For every user that we see, let us say a user comes up on CNN tells us, 'Hey, are you interested in this user?' We take for that user all the advertisers that apply. That user might have gone to five eCommerce sites or travel sites or classified sites. For every one of those sites, we calculate what is the best product recommendation for that user, what would be the best personalized creative and the combination of those two, plus a prediction that we do, we calculate what is the prediction value, what is the value that we will get from this user. A user that has come on might have a value of $1 for one advertiser, $3 for the other one, $4 for the other one, $7 for the other one and then $2. We run an internal auction to figure out which one of those values is the highest one. One of them is going to be the highest one. Once we have that internal auction, we bid on the publisher platform. It could be on Facebook. It could be on CNN. It could be on our RTB platform. By the way, every platform has a different configuration and you need to have a different bid strategy. There is an engine that does this. Then once we have gotten the go ahead, yes, you won the ad or the space, serve the ad, we custom serve an ad. Of course, it is a custom ad because it is the creative setup for that person.

It all depends on massive amounts of data. The company has access to half a trillion (by mid last year) of purchases on its client websites. Then there is the data from publishers that ads are served on.

By the middle of last year, it had a stack of 102 terabytes and 31,500 processing cores, the largest Hadoop cluster in Europe. And there's 26 terabytes of additional data. The company has 600 terabytes of data about shopping intent on 4 billion products (also by mid last year). The Criteo engine, driven by machine learning, is able to translate that data into ads that people click on and then purchase from.

This hardly begins to tell what the company does and how it does it. Besides, it does many more things, like the cross-device graph where it integrates data from different devices (a real problem for marketing, as 40% of transactions are across devices, which are much harder to track, but Criteo has come up with some innovative solutions here).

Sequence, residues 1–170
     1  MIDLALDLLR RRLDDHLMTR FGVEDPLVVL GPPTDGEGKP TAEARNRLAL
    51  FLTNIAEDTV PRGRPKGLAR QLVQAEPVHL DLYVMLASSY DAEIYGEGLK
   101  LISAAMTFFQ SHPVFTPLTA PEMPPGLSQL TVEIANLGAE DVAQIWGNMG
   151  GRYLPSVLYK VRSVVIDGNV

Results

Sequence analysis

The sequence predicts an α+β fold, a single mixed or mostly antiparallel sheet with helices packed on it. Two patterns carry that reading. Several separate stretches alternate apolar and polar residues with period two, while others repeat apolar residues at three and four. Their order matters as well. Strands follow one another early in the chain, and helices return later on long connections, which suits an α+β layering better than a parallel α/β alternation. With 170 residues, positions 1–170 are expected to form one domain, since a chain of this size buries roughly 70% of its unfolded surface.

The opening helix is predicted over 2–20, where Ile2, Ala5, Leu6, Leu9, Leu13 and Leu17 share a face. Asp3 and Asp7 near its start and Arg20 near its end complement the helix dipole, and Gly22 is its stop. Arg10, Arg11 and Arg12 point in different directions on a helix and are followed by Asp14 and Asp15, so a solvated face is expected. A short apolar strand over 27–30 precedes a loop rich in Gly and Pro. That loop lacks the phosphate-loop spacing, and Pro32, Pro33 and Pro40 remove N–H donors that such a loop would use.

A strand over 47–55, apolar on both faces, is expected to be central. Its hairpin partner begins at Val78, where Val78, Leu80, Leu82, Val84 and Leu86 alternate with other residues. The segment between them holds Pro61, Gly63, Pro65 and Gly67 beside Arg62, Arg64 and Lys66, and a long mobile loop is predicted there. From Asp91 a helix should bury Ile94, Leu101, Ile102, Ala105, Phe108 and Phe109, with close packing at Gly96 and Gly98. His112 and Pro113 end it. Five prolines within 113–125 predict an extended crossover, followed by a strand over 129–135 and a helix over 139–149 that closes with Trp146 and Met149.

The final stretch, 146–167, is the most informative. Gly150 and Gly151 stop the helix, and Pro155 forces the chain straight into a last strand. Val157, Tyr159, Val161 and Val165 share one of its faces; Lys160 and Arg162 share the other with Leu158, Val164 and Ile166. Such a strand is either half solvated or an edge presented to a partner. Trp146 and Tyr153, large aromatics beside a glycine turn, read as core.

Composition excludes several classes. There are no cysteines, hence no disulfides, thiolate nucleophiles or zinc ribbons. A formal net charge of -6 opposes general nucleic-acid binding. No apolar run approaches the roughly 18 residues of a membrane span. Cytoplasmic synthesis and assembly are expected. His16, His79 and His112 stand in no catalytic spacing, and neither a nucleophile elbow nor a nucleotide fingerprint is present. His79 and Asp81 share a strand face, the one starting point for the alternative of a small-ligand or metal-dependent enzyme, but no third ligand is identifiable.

The R&D really is the heart of the competitive advantage of Criteo. The company spends 16% of non-TAC revenue on R&D, which has a headcount of over 600. Just in the first half of 2016, it ran 190,000 tests to optimize the engine, and the amount of testing is increasing rapidly.

The amount of innovation that is going on at the platform is quite impressive. This is a company that doesn't sit still by any means. For anyone that wants to do a deep dive, the Investor Day presentations are probably a good place to start.

For the purpose of this article, we don't really need to go into all the technical details of the different technologies. Suffice to say that these are still evolving. Some recent innovations and improvements are as follows:

  • Engine improvements like kinetic design and adaptive revenue optimizer. The first now reaches 75% of its ads and produces a 3-5% lift in revenues ex-TAC. The latter allows clients to bid directly on a cost of sales targets instead of a cost per click and produces a 5% increase in sales for clients.
  • User Graph (following users across devices), launched as a service in Q1.
  • Predictive Search
  • Sponsored Products
  • Header bidding

The Criteo User Graph matches data from the mapping of user identities across multiple digital devices and leveraging anonymized CRM data provided by advertisers (which a whopping 76% of customers share with Criteo, per Q1CC). The company was the first to create an Apple-compliant solution to be able to track information about users on Apple devices.

Predictive Search (from Criteo PR):

Criteo Predictive Search, available immediately in the US, offers an automated, end-to-end solution, based on powerful machine-learning, that eliminates guesswork and systematically improves results from Google Shopping using precise, predictive optimization across every aspect of the campaign. Early adopters of the new solution, who have taken part in beta tests, have seen as much as a 22-49 percent lift in revenue at constant cost. These clients include 30 of the leading U.S. retailers, such as Revolve Clothing, Teleflora and Camping World.

See here for a description of this solution.

Sponsored products (from Criteo):

Sponsored Products appear as native product listings in defined locations throughout the purchase path of retailer site and apps. Shoppers who click on the ads stay within your e-commerce environment, promoting conversion, while paying you for every click.